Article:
HP may be one of those Silicon Valley tech firms that started in a garage, but 2012 will be best remembered as a time when the company spent most of the year in the doghouse.
After months of poor performance that has made it the worst performer of all 30 Dow Industrials (a 45 per cent loss), a botched acquisition of a software firm Autonomy that was allegedly based on misleading accounting and now, this week, rumours of activist shareholder Carl Icahn taking a stake, analysts and observers everywhere are calling for HP to be broken up. This is, of course, the most reactive thing HP could do, and the stupidest. HP is not more than the sum of its parts; it is the sum of its parts. Let me explain.
Autonomy product will be key
Eleven years ago, when HP bought Compaq Computer in a highly controversial move, many people I spoke with thought HP would be far better off simply jettisoning its Personal Systems Group (PSG), which does the desktop stuff, and focus on its far more lucrative printing and imaging division. That's because, no matter how digitized the office, everyone keeps using paper, and people will always be running out of ink. Becoming more like Xerox might be enough to keep things in the black and satisfy risk-averse shareholders, but it wouldn't contribute a lot of new value to HP's customers.
"In terms of investments, we are very focused on product, product, product," said CEO Meg Whitman during the company's earnings conference call. "Great companies return to greatness on the basis of product."
It's true. Think Apple and the iPod, to take just one example of a tech firm that was once dangling off a financial cliff before it put more efforts into its R&D. For HP, the greatest of its products this year was not to be the iPad-wannabe ElitePad but Autonomy's software, for which it paid US$10 billion.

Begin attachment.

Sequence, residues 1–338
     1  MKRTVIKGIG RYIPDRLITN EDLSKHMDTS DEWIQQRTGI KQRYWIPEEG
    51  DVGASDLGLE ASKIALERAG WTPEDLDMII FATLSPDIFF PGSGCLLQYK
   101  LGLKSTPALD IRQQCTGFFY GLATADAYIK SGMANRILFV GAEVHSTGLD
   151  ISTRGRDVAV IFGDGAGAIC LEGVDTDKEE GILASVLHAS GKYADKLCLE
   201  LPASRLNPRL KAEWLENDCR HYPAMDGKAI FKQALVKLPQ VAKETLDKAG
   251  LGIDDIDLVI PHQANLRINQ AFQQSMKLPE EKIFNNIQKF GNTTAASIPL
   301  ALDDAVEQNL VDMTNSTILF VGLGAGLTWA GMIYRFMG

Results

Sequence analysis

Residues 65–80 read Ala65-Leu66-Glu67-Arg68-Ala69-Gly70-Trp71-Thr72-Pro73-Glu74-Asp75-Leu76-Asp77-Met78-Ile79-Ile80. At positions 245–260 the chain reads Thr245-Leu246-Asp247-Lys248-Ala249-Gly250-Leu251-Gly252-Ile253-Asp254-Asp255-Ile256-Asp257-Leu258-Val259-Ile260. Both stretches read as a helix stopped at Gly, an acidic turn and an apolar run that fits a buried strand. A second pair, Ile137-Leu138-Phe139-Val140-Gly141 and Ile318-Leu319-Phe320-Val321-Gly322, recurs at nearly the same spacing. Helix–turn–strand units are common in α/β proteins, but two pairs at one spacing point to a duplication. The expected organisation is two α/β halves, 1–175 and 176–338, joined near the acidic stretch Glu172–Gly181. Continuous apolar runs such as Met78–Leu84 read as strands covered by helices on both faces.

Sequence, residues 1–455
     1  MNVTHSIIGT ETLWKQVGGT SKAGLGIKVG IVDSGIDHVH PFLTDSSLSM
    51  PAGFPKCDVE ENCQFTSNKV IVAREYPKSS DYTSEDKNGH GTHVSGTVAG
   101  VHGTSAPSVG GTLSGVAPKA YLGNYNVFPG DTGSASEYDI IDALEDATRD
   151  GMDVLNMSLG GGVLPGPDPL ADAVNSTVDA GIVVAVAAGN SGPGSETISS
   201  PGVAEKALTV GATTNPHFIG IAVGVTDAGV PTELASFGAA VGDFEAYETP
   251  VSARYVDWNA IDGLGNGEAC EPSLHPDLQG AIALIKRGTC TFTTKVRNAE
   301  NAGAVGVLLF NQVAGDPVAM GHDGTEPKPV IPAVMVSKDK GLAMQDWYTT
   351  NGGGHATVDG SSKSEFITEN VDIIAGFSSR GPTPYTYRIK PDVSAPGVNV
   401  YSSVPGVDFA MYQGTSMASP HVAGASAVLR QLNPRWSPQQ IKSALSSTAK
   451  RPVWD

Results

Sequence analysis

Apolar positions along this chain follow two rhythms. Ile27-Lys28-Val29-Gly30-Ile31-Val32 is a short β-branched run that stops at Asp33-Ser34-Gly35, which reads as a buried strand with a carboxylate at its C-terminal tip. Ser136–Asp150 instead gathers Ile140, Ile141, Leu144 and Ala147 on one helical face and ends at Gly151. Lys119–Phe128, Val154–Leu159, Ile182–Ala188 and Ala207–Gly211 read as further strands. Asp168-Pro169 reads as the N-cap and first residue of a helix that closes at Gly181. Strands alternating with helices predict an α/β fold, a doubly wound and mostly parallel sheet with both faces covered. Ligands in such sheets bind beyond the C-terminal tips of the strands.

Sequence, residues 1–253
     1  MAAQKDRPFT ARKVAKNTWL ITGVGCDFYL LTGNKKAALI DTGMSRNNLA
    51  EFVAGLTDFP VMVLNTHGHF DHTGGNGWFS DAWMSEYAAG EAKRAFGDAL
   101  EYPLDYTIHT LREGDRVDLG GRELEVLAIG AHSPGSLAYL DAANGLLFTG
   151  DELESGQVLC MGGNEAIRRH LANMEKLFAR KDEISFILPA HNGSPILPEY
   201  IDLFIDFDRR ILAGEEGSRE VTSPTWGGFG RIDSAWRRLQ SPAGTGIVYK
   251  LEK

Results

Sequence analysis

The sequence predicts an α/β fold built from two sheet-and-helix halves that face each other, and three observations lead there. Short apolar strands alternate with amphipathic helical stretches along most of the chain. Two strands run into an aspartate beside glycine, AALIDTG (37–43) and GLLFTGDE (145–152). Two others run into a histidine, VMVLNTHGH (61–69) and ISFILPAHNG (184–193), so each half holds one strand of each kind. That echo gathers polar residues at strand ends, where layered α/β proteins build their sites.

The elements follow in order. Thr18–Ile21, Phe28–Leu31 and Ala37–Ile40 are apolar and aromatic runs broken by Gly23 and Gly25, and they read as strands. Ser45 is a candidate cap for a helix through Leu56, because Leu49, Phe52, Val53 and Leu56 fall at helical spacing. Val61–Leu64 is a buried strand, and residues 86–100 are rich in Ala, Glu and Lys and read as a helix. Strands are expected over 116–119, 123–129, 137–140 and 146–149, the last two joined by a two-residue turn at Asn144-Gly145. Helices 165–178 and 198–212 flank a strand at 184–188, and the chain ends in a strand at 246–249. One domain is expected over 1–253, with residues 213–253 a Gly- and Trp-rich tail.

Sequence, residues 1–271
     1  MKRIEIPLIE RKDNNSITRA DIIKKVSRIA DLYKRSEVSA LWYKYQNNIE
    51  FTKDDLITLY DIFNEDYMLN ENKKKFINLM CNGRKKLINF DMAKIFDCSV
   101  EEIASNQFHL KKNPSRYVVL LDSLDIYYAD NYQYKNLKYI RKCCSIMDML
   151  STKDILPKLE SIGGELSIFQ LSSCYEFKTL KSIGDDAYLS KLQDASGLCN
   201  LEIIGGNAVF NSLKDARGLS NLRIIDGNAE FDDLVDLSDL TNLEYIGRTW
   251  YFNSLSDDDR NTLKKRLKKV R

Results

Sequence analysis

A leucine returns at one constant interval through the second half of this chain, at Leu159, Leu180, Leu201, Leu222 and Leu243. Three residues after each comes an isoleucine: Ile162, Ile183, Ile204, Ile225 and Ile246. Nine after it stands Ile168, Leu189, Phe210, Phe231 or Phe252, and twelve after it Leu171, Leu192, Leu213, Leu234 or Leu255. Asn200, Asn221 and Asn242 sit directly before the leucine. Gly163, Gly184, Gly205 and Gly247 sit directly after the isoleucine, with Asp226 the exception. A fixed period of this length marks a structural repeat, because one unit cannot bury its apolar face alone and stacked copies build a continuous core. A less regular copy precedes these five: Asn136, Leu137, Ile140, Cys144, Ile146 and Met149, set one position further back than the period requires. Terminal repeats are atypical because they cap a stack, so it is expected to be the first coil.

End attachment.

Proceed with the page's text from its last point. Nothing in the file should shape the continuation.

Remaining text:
Some call what Autonomy does e-discovery, and others describe it as meaning-based computing. Here's a simpler way to think about it: you know when you're working in a company and no one can find that PowerPoint deck that had some really important figures on them even though it was probably dumped on some shared folder somewhere? Autonomy will find it, and help put the information in context for a variety of people who might need it.
HP has never been known as a software company, but Autonomy marked its best chance at becoming one. Jillian Mirandi, an analyst with Technology Business Research Inc., points out that this has actually become HP's second-largest segment, driving US$269 million in the quarter. In other words, once the legal issues around the deal have been sorted it, it represents a way forward for HP, particularly if it can layer Autonomy on top of its own products. "We believe that HP will leverage Autonomy's customer base (and) promote Autonomy to run optimally with HP servers," Marandi said.
Breaking up HP may look like a radical move to bring down costs and improve focus, but only to investors that aren't aware of how companies buy technology today. HP's customers want to deal with fewer vendors, not more. They want vendors that can not only sell stuff but help them use technology more strategically to meet their business objectives. This is why IBM, which once faced near-bankruptcy, began focusing on building up its IBM Global Services unit (and why HP, incidentally, bought EDS).
With only one year under her belt at CEO, Whitman is going to be spending most of 2013 keeping the Icahns of the world at bay. It's a fight she must win, because if HP can survive as a single entity, it has a far greater chance of marshaling the resources necessary to transform into a more diverse and valuable supplier, regain competitive advantage and improve its market share. This is a company which once used a single word, "invent," as its slogan. Perhaps it's time to update that slogan — to "reinvent."
Shane Schick is the editor-at-large for IT World Canada and the editor of expertIP. An award winning journlaist, he is a frequent guest on CBC, BNN and CTV.